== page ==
post #984 of 2929
Quote:
Originally Posted by jderbs View Post

You can't use lightboost with 144hz... it has to be 120hz.

120hz lightboost > 144hz without it

Yeah, 120Hz lightboost looks a lot better than 144Hz. I guess I'll set it to that; I only got the 144hz one because it was the cheapest 120hz+ monitor I could find.

Is there any danger in using this long term? Also, is there any way to fix the weird color?
post #985 of 2929
Quote:
Originally Posted by Art Vanelay View Post

Yeah, 120Hz lightboost looks a lot better than 144Hz. I guess I'll set it to that; I only got the 144hz one because it was the cheapest 120hz+ monitor I could find.

Is there any danger in using this long term? Also, is there any way to fix the weird color?

There are ICC profiles somewhere in this thread you can try. Personally I have a spyder4elite to calibrate my monitors. You should try the different profiles here and see what works.
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post #986 of 2929
Thread Starter 
Quote:
Originally Posted by Art Vanelay View Post

Is there any danger in using this long term? Also, is there any way to fix the weird color?
Some (not all) LightBoost monitors are badly calibrated in LightBoost mode. Usually crimson. Presumably to compensate for the green color of 3D Vision glasses. This is a sad thing for manufacturers to do, and we can't adjust LightBoost color via monitor menus. Hopefully they stop this trend.

To fix this, you need to re-calibrate color using nVidia Control Panel. And if you want to force the color fix into video games, you need a utility such as cpkeeper. Google "XL2411T LightBoost crimson fix" for some example numbers to play with.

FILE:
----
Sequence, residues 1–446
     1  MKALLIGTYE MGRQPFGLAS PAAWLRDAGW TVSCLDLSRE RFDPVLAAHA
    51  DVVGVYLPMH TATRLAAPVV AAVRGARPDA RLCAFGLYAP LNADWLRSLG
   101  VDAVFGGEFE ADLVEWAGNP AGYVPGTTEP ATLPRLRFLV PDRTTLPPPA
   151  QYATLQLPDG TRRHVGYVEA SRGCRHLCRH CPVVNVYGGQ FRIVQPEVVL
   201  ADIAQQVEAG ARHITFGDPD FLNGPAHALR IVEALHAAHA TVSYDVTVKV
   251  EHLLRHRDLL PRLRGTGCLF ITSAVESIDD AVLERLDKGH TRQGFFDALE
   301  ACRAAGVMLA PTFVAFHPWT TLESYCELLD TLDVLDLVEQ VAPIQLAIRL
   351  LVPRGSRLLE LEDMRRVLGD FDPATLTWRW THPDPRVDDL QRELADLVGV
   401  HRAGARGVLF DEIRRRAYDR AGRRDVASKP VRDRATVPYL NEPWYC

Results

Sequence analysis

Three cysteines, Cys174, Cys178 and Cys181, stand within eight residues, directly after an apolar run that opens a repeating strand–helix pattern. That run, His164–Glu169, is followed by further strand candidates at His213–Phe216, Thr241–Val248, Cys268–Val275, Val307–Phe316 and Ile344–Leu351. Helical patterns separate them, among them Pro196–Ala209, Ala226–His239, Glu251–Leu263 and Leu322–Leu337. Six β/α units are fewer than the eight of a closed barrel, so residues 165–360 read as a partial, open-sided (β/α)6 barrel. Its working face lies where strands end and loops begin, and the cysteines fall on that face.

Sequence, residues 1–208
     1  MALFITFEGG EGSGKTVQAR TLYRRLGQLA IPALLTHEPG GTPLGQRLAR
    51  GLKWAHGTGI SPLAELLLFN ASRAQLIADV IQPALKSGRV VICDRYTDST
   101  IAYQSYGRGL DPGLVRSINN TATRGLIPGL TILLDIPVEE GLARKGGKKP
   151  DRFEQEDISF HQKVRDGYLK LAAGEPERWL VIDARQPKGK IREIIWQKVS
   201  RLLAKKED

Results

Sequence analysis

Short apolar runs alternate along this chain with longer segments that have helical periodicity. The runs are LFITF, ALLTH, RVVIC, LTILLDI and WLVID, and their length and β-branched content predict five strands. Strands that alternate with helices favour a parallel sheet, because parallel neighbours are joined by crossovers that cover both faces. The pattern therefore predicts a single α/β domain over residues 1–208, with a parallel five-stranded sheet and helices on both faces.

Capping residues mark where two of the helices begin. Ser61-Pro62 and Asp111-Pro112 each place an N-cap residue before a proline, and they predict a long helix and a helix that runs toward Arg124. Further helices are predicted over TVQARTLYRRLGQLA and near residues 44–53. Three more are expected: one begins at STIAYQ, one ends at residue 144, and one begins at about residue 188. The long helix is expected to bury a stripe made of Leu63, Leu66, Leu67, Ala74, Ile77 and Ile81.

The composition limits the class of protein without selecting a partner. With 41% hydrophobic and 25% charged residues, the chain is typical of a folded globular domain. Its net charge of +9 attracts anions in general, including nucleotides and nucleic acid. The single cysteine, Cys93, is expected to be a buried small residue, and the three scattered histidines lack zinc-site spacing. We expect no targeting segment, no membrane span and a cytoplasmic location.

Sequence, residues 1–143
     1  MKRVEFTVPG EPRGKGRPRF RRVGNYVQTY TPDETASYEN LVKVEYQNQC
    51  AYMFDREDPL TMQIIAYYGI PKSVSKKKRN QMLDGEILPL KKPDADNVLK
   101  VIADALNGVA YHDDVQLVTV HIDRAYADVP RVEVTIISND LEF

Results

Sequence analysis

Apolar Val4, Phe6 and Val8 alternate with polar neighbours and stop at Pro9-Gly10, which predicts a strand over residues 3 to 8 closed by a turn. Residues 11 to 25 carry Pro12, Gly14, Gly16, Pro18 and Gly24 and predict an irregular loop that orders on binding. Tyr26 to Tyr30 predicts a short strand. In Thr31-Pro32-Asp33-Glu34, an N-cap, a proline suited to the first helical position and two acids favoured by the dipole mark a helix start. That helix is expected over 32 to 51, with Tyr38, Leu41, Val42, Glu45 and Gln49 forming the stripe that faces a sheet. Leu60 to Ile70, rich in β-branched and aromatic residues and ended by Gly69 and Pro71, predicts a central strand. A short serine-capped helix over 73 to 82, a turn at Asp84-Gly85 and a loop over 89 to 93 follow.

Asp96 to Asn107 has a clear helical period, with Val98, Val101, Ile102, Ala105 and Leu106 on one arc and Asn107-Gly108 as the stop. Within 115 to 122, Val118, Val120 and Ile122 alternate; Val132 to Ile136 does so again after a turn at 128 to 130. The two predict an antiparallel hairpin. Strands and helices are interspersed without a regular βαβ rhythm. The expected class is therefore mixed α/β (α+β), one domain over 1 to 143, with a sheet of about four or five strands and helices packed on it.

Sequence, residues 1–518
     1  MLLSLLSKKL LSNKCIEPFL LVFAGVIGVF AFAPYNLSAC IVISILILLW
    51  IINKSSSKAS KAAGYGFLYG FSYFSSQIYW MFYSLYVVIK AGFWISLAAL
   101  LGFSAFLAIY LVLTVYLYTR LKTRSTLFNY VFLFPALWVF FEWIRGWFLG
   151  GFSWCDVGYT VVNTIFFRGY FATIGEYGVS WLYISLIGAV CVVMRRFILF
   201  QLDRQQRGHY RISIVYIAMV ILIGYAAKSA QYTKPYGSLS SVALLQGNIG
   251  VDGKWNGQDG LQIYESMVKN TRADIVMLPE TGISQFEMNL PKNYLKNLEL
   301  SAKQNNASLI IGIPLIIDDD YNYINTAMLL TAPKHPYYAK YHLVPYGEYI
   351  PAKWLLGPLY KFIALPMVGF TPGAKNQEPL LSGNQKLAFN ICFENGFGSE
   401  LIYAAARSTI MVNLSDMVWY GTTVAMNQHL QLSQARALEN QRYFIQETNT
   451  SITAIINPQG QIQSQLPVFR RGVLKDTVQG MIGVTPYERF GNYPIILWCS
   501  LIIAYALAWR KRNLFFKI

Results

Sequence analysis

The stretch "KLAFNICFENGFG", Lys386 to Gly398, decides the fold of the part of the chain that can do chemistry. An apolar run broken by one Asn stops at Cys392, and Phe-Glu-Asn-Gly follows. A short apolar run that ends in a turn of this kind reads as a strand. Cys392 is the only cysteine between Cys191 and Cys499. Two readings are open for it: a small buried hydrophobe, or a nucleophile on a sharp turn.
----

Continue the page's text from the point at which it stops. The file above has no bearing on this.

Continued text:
A Spyder4 or i1 Pro, is much easier though. Put the sensor on the screen, click a button, and your picture automatically adjusts to correct color.
Edited by mdrejhon - 5/21/13 at 10:30pm
post #987 of 2929
I prefer the NVIDIA control panel color tweaking as that sticks in games and most games disregard .icc profiles.
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post #988 of 2929
You still use the same values Vega?

32 47
52 52
47 47
?

How to add 144Hz non LB? So I acn just choose 144Hz in monitor settings and get 144Hz non LB? I dont see "Reduced timings" in CRU and in NVIDIA theres Reduced CVT something that gives some weird dots on the screen if using 144hz with LB
Edited by shedokan - 5/22/13 at 11:30am
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post #989 of 2929
cru-1.0.zip 344k .zip file Just use the lightboost.bin file (that should be available as an attachment somewhere here, Mark's blog or on hardforum's LB thread) to have the lightboost resolutions all enabled without having to change other stuff.

As far as "LCD reduced", which you need when re-adding a 144 hz (non lightboost only ) refresh rate, when you deleted all of the other ones (which happens when you inport lightboost.bin)

Make sure you are using the lastest CRU.exe. It should be CRU 1.0. There were beta versions before that. Previous versions of Cru do NOT have "LCD reduced" as an option.
Under 'detailed resolutions" under the three lightboost resolutions added by importing 'lightboost.bin", you would click "add->LCD Reduced" and enter 1920x1080 and 144 hz and you're done.

I attached it here.
Edited by Falkentyne - 5/22/13 at 3:55pm
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post #990 of 2929
This hasnt been cracked for use on AMD cards yet has is? ive not found results on google.